A Rancher for Their Mom
Cowboy Joel Kaye has ambitions as big as Texas. And after decades away, rodeo glory seems finally within reach. But when two little boys “hire” him to work on their ranch, Joel can’t turn them down. He tells himself it’s only for one week, but widow April Landers and her family soon begin to fill a void in the rodeo rider’s scarred heart. April lives for her three kids—and the ranch she’s fighting fiercely to keep. This determined mama’s not looking for another wandering partner. Will this ready-made family inspire Joel to put down roots…for good?
Rodeo Heroes: Book Two
“Mom, Mom,” six-year-old Todd yelled, the back screen door slamming against its frame. The sound of little cowboy boots pounded through the kitchen and down the hall.
“Where are you, Mom?”
“I’m in the office,” April Landers answered.
The screen slammed again, followed by another set of small boot falls. April winced, hoping the boys didn’t wake their younger sister from her nap.
Breathless, Todd appeared in the doorway. “Wes told me no one born in February could be a cowboy. Only boys born in June could be cowboys. That’s not true, is it?”
Eight-year-old Wes appeared behind his brother, a smirk on his face. April’s brow arched as her gaze engaged her older son. His grin disappeared.
“I can be a cowboy, too, can’t I?” Todd pleaded.
“Opa and your cousin Chad have birthdays in February. Weren’t they cowboys?”
Todd’s frown disappeared and his eyes widened. “Yes.” He turned to his brother and stuck out his tongue.
Wes’s expression went from somber to a grin. He shrugged.
“Ha, you’re wrong. I can be a cowboy, too.” Todd stomped back down the hall.
Wes turned to follow his brother.
“Stop, young man.”
Wes halted, his shoulders hunching.
April pushed away from the antique desk. “Come here.”
He looked up and she motioned her son to her side. Wes dragged his feet as if going to an execution and stopped when he got to her knees. He refused to raise his head.
“Wes, look at me.”
Her son slowly raised his head.
“Why did you tell your brother he couldn’t be a cowboy?”
He shrugged his shoulders, kicking an imaginary piece of dirt on the floor.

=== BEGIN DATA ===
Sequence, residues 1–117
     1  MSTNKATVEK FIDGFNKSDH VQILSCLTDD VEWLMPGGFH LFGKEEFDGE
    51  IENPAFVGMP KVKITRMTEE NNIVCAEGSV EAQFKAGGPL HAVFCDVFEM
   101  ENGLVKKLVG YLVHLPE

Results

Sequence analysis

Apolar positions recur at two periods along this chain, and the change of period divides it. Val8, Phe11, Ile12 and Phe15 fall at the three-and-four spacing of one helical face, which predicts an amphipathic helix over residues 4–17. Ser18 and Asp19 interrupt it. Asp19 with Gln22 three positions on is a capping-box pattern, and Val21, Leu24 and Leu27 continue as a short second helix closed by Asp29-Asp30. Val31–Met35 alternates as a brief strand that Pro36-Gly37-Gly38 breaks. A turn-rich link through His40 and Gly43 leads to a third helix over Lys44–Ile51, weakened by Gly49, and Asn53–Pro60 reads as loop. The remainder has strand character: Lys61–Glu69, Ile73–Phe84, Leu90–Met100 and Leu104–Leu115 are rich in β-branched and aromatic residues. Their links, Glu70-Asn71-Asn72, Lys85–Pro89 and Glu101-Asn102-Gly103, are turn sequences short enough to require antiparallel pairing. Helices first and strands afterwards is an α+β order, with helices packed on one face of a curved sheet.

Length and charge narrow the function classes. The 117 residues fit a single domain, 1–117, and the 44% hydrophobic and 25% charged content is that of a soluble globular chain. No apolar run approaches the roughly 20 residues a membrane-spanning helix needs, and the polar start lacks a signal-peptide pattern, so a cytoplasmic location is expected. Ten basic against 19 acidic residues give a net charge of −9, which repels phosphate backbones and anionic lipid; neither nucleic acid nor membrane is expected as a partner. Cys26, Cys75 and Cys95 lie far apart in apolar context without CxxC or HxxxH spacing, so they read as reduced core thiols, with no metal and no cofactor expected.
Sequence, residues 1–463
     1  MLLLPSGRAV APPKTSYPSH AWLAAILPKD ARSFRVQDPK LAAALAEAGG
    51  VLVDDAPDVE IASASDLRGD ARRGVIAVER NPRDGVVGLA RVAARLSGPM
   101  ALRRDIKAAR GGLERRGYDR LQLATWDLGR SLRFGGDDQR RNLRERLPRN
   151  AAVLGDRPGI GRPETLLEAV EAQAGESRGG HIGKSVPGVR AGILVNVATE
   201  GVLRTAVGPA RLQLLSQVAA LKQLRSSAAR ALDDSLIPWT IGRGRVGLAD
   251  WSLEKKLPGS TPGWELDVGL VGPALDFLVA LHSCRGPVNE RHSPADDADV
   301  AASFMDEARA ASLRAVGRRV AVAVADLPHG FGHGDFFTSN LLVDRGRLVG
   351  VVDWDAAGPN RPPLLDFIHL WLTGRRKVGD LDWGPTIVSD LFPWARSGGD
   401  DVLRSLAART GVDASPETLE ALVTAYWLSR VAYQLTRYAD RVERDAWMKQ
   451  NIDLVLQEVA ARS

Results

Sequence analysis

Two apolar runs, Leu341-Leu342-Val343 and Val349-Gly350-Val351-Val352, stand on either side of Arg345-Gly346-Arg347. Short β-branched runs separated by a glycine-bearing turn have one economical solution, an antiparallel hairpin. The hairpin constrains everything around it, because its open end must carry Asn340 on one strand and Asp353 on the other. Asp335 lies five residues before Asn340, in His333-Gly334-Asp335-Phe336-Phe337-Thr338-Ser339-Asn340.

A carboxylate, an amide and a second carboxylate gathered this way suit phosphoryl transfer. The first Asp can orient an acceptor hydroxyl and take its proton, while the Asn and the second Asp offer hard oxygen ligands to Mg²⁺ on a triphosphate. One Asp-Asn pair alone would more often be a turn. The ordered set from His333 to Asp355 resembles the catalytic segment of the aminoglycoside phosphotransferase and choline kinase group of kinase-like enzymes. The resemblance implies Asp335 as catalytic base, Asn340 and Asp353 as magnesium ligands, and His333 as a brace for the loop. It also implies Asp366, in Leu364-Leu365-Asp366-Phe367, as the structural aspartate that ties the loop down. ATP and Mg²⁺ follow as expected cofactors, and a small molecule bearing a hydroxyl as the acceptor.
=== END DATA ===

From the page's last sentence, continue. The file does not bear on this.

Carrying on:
April sighed. She knew her boys missed Opa—their grandfather Vernon—who had died last September. “Do you think Opa would’ve liked you telling that story to your brother?”
He hung his head. “No. He wouldn’t have liked it.”
“I didn’t like it, either. I’m disappointed with you.”
Wes’s lips pursed.
He moved and April drew him into her arms and hugged him. All sorts of emotions bounced around her chest.
The boys needed a male figure in their lives to help and guide them since Opa’s death. Their father had died in an oil platform accident over three years ago. April’s own father couldn’t fill the role since he still worked on an oil platform out in the Gulf. He was the manager and only made it back to shore once every six months.
“I don’t want you to lie to your brother again. He looks up to you.”
Wes scuffed his boot. “I was just playing.”
“Would you like some of the older boys at school to tease you like that?”
He shook his head.
“You can go outside and play if you boys have finished your chores.”
Wes pursed his lips. “We were almost finished when Todd told me he wanted to be a cowboy like Jimmy Rogers’s dad. You know that Jimmy’s dad is going to compete in the rodeo next week? Could we go? Please?” His eyes filled with hope and longing.
His expression fell and his lower lip jutted out. “ˋKay.”
Wes’s posture, slumped shoulders and dragging feet tore at her heart.
The rodeo was in town, but the competition would take place next weekend. April wished she had the extra money to buy tickets to take the boys to see it. It just wasn’t in the budget. Money was tight, which was why she’d decided to sell the two horses her father-in-law had raised for the rodeo. They were a little young, and if she could’ve held out until December, it would’ve been better, but she couldn’t afford the extra money needed for the horses’ upkeep.
Even with the money woes and problems the ranch faced, she wouldn’t change a thing about her life—except having her late husband’s vision of the future match hers. With all the traveling her family had done as she was growing up, this little piece of Texas in the Panhandle was her ideal spot. Roots. A place to belong. Waking up every day in the same place. That was paradise.
Ross had never understood that need for a home she could live in 24-7, 365 days a year. “Lord, I’m feeling a little overwhelmed here. Could You send me some help?”
The baby cried, alerting April that her few minutes of reprieve were over.